The Student and Exchange Visitor Information System (SEVIS) is the web-based system that the U.S. Department of Homeland Security (DHS) uses to maintain information on F-visa and M-visa students in the United States and the SEVP-certified schools that enroll them. (SEVP stands for Student and Exchange Visitor Program.)

SEVIS also maintains information on U.S. Department of State-designated exchange visitor program sponsors and J-1 visa exchange visitor program participants.

SEVIS is a critical tool in our mission to protect national security while supporting the legal entry of the more than 1 million F, M, and J nonimmigrants to the United States for education and cultural exchange.

Learn more about SEVIS.

How SEVIS Is Used

For F and M Nonimmigrants

SEVIS is used to:

  • petition the Student and Exchange Visitor Program for certification that allows the school to offer programs of study to nonimmigrant students
  • update school information and apply for recertification of the school for continued ability to issue Certificates of Eligibility (Forms I–20) to nonimmigrant students and their dependents
  • issue Forms I–20 to specific individuals used by nonimmigrants to obtain F or M status while enrolled at the school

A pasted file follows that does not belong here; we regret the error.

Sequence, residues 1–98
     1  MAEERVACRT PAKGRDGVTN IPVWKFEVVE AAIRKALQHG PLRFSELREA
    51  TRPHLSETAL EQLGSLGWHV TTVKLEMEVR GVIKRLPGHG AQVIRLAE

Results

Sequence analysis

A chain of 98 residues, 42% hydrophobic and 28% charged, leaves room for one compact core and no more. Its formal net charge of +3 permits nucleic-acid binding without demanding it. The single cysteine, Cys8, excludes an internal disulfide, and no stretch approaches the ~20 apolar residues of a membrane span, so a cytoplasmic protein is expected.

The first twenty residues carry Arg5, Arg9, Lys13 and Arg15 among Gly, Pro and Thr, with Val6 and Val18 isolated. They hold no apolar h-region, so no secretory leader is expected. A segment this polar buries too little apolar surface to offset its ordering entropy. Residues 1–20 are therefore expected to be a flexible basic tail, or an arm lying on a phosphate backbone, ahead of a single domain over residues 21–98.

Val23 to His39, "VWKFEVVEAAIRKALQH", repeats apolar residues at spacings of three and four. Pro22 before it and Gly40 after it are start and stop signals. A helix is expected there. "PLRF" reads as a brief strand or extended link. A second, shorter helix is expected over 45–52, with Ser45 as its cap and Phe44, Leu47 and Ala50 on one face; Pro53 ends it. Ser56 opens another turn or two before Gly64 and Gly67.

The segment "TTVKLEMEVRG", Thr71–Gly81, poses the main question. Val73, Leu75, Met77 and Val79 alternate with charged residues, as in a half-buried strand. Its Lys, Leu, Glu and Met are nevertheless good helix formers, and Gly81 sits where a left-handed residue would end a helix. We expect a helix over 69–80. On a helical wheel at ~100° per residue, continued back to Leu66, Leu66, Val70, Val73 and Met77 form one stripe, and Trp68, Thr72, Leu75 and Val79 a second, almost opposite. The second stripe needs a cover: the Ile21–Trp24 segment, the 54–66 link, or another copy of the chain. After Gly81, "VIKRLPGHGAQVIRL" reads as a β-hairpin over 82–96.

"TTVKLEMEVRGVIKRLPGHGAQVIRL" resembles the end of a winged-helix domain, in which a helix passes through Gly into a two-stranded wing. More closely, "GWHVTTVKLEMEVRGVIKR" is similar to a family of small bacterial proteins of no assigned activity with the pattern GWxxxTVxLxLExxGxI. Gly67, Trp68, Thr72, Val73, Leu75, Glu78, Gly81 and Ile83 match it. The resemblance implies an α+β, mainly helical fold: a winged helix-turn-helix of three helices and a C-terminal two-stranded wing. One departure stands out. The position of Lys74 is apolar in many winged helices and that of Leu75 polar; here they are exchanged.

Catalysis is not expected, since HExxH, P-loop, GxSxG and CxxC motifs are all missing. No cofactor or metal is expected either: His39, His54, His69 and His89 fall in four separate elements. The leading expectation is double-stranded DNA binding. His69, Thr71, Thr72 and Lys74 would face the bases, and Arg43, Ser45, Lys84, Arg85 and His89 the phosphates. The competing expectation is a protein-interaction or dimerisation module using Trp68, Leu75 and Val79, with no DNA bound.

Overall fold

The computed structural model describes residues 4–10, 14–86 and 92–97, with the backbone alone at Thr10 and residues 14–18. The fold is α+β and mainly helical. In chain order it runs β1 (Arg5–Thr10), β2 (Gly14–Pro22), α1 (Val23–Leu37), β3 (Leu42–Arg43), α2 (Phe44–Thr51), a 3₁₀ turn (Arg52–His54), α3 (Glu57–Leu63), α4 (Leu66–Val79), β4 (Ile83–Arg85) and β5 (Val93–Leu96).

• fulfill the school’s legal reporting responsibility regarding the student’s address, course of study, enrollment, employment, and compliance with the terms of the student status
  • transfer the student SEVIS record to another institution

For J Nonimmigrants

SEVIS is used to:

  • petition the Department of State for designation that allows the sponsor to offer educational and cultural exchange programs to exchange visitors
  • update sponsor information and apply for re-designation every two years
  • issue Forms DS–2019 to specific individuals to obtain J status
  • fulfill the sponsor’s legal reporting responsibility regarding the exchange visitors address, site of activity, program participation, employment, and compliance with the terms of the J status
  • transfer the exchange visitor’s SEVIS record to another institution